As I was typing this, I thought of this being applied to group quests. Let's say a group of 5 go through a dungeon and they all have the same quest. The quest would reward a minimum amount of xp, but give bonus xp depending on how many deaths the group had combined (or rather, lack of deaths). Obviously, worst case scenario is they don't complete the quest (0xp gained) and suffered some xp loss because they died a bunch trying. A group of skilled players (not carried players) would be granted 100% bonus xp for completing the quest with no deaths. A group that died only twice would receive 50% bonus xp... you get the picture. Obviously, there are some flaws that I haven't looked at yet.

Kenny said...

I can't say I wholeheartedly agree with this. Some form of punishment is necessary otherwise people will simply brute-force their way through the game. Yes, yes, now they still do it but there's a price. Death is nothing more in pve than an abstraction of punishments. The severity is up for debate, but with no failure you'll end up with a pretty dull game.

This approach reminds me of the suicide gank issue in EVE for some reason...

shalcker said...

There are easy ways to reward "efficient" kills rather then "brute-force" attack-disengage-attack-until-you-get-lucky.

To avoid "negative reinforcement", which we're obviously trying to do when we remove death, we can give players buffs (like "High Morale") that disappear on disengagement, and perhaps stack on success.
Nature of those buffs can vary (extra damage, extra xp, extra loot every 5 stacks etc), but it should still focus player on mechanics that maintain and improve them, rather then selecting "loss" situations.
You might not think twice with first stacks to disengage when your healer gets aggro, but when it's rolling 25th stack decision might be alot harder.

As far as i remember Final Fantasy MMO did something similar while still retaining concept of death, but nothing technically prevents you from stripping death from equation.

motstandet said...

FFXI has exp chains. Killing mobs of even or higher level than you will give bonus exp as long as they are killed within a time limit that begins when the last mob was killed.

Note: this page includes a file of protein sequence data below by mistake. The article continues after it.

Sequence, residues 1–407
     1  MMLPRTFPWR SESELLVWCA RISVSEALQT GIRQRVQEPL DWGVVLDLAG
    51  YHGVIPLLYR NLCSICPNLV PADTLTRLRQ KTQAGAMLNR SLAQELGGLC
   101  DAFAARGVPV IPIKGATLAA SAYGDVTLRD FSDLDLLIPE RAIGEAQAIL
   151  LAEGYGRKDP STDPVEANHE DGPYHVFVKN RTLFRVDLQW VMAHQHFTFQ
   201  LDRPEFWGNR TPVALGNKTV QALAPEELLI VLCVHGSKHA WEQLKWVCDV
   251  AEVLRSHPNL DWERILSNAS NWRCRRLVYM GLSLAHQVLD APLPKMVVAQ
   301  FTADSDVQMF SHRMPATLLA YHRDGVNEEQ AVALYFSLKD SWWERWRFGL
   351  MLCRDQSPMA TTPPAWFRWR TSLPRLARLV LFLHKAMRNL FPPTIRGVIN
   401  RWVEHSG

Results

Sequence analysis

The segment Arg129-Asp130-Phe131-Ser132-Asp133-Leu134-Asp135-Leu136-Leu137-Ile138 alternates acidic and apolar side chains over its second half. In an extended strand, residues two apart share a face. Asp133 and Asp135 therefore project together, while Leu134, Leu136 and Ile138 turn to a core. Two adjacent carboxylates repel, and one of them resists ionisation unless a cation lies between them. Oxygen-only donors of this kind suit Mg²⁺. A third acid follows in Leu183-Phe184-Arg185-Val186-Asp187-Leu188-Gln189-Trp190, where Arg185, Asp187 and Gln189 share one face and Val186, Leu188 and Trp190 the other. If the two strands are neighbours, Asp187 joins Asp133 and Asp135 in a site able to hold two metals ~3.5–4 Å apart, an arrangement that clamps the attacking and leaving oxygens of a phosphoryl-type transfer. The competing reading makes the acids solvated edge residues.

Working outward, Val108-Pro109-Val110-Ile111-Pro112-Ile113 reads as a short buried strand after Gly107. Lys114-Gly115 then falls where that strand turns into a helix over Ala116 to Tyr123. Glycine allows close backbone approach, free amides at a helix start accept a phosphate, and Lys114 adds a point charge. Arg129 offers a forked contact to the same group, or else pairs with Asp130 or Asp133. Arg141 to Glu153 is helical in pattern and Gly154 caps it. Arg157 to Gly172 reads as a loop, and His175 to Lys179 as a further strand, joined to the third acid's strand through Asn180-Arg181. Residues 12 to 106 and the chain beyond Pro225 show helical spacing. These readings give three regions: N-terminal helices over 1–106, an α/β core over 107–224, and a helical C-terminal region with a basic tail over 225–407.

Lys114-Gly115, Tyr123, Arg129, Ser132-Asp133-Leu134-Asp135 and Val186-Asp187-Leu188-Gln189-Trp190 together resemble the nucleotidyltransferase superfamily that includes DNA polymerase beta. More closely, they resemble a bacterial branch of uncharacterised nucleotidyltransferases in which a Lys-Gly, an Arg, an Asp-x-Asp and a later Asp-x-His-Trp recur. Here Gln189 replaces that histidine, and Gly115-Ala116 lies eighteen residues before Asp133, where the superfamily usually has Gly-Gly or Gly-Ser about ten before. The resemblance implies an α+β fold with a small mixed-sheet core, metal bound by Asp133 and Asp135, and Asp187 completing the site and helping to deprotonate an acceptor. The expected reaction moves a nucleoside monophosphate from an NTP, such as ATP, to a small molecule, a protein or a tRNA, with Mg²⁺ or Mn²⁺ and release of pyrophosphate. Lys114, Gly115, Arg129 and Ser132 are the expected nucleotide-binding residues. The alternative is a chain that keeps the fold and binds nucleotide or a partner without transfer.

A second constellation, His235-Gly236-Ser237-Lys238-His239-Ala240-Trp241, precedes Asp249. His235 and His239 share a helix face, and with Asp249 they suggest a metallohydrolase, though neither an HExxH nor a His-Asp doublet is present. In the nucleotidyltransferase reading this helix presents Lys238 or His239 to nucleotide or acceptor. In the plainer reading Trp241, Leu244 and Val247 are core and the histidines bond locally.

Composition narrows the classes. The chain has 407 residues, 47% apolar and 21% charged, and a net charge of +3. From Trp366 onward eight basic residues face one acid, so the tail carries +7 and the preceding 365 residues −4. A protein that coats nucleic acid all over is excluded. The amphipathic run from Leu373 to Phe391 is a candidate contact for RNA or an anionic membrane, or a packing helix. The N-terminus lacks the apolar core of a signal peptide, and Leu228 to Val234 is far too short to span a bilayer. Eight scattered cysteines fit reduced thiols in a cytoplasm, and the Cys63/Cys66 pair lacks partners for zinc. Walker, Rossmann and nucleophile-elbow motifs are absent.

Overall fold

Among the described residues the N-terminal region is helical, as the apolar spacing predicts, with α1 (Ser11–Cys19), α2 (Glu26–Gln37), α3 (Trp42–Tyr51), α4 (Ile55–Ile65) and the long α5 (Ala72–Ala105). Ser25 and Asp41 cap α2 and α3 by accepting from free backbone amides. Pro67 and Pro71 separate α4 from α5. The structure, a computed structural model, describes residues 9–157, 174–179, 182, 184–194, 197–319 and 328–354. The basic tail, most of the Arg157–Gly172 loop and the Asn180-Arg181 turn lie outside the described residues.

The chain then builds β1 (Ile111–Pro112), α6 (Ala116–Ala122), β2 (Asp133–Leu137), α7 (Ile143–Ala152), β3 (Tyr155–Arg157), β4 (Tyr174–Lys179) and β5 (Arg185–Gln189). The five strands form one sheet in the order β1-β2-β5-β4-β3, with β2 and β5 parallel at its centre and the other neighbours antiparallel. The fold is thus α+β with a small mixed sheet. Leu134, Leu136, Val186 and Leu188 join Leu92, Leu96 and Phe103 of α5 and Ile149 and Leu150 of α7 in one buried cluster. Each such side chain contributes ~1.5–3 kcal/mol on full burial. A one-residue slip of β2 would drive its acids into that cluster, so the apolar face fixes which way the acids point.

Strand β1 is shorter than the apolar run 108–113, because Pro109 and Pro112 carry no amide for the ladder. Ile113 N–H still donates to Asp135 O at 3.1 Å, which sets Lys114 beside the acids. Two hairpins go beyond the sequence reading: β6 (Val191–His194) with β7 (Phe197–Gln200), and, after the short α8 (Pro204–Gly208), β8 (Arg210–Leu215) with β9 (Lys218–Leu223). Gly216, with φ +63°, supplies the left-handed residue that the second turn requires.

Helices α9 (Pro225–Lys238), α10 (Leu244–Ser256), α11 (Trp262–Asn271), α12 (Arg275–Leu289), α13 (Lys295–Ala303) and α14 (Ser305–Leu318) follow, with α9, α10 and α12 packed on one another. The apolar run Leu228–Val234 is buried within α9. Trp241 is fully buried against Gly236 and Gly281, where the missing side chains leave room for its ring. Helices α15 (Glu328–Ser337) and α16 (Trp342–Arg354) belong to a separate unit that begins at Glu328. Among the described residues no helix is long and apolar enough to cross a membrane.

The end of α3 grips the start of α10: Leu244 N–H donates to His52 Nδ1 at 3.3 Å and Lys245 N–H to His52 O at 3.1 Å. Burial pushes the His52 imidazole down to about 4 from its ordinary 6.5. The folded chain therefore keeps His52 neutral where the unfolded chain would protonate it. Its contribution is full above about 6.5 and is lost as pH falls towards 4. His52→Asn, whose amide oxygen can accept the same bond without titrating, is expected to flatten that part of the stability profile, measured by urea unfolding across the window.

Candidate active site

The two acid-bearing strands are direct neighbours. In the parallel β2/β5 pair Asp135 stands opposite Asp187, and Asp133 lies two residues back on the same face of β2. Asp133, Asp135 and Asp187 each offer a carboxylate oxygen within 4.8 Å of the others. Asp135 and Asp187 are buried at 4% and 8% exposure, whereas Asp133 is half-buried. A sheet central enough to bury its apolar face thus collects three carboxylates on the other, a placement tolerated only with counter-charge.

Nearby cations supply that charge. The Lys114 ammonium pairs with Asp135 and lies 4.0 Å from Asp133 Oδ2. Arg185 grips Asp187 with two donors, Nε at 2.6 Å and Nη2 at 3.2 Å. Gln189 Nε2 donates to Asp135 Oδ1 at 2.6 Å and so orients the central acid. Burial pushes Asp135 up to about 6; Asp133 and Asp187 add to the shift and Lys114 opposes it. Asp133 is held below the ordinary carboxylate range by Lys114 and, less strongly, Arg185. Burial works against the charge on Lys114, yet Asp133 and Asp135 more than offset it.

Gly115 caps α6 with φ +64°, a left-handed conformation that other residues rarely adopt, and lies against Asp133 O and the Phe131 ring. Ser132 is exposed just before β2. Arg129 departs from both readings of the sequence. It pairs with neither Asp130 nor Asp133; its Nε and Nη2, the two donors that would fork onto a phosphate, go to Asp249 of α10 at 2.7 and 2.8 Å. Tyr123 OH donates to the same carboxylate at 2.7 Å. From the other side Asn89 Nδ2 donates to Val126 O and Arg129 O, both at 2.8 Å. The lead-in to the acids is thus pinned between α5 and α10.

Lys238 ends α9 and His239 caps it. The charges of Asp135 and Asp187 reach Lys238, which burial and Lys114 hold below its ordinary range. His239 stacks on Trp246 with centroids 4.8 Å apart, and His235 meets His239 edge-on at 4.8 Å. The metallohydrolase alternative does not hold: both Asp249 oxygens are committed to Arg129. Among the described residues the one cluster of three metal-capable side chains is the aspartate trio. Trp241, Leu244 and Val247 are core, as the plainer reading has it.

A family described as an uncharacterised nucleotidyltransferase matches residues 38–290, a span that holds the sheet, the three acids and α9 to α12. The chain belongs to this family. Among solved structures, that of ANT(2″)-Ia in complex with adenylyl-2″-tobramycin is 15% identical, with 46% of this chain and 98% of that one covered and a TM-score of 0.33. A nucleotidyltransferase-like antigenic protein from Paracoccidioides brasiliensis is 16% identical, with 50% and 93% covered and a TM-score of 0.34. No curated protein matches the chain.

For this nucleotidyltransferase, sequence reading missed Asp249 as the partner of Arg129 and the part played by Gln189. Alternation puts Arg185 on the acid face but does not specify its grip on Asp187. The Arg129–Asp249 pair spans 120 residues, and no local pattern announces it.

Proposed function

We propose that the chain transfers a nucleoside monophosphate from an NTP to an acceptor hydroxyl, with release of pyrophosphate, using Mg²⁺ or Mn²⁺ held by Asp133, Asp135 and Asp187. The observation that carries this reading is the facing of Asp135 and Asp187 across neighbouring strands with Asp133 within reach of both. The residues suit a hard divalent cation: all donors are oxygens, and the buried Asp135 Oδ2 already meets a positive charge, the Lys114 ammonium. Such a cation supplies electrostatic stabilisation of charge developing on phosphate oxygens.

The Chronicles of Spellborn, before it was re-designed, had stacking buffs that players acquired for staying alive during combat. The designers were thinking along the same lines, shalcker. Rather than punish players for dying, they decided to reward those who played well.

motstandet said...

And since my link was stripped for some reason: http://wiki.ffxiclopedia.org/wiki/Experience_Chain

Tesh said...

The ability to run away and effectively "reboot" any combat was one of the good design choices in Chrono Cross. You could run away from *any* fight at any time you had control (it was turn-based), and go regroup. The foe would also recharge.

You could still die if you pushed yourself hard enough, and have to restart at a save point, but the all-powerful escape mechanic was a great way to dodge some frustration.

Of course, that game was also paced very tightly, and you couldn't really outlevel most content thanks to the star level system. You were almost always assured of success if you just played better. It made for less frustration all around, because if you failed, you knew it was because you needed to do better, not because the game wasn't playing fair.

evizaer said...

The mere specter of death does induce some vague kind of fear, even if death is mechanically toothless (as Dblade and PaulH point out). I'd like to see game mechanics, like those Dblade mentioned, that turn failure in combat into something more interesting. In the absence of those, removing death seems like an interesting and yet untested idea.

I don't think you can make a solid statement about how death's removal would effect player psychology until you actually try it. It's such a radical change that no one can be sure how players will react and adapt. I think an experiment on the issue would be worthwhile, though, and that's why I suggested it.

Kenny said...

Well, long story short we tried to dumb Battletech down more and more, until we hit a point of player invulnerability (you still take damage and it costs credits to fix it, but the 'Mech you're piloting can't be destroyed completely in battle) - and then there was a very quick and spectacular rebound to full rules including lucky headshots and such.

Sure, while invulnerable we were doing funny stuff like "Death from above" attacks (you jump on another 'Mech, you both take damage, very risky and uncertain results) but it ceases to be fun after 10 minutes when everybody was doing whatever they wanted - because there was no chance of failure in the system.

What you're saying is aking to turning on infinite lives in a shot'em'up game. So are those games about winning or getting to the end?

Again, I think that catering to the mentality of players who want to face an illusion of a challenge and "IWIN" instead of facing a real challenge and potential defeat is a bad way to go.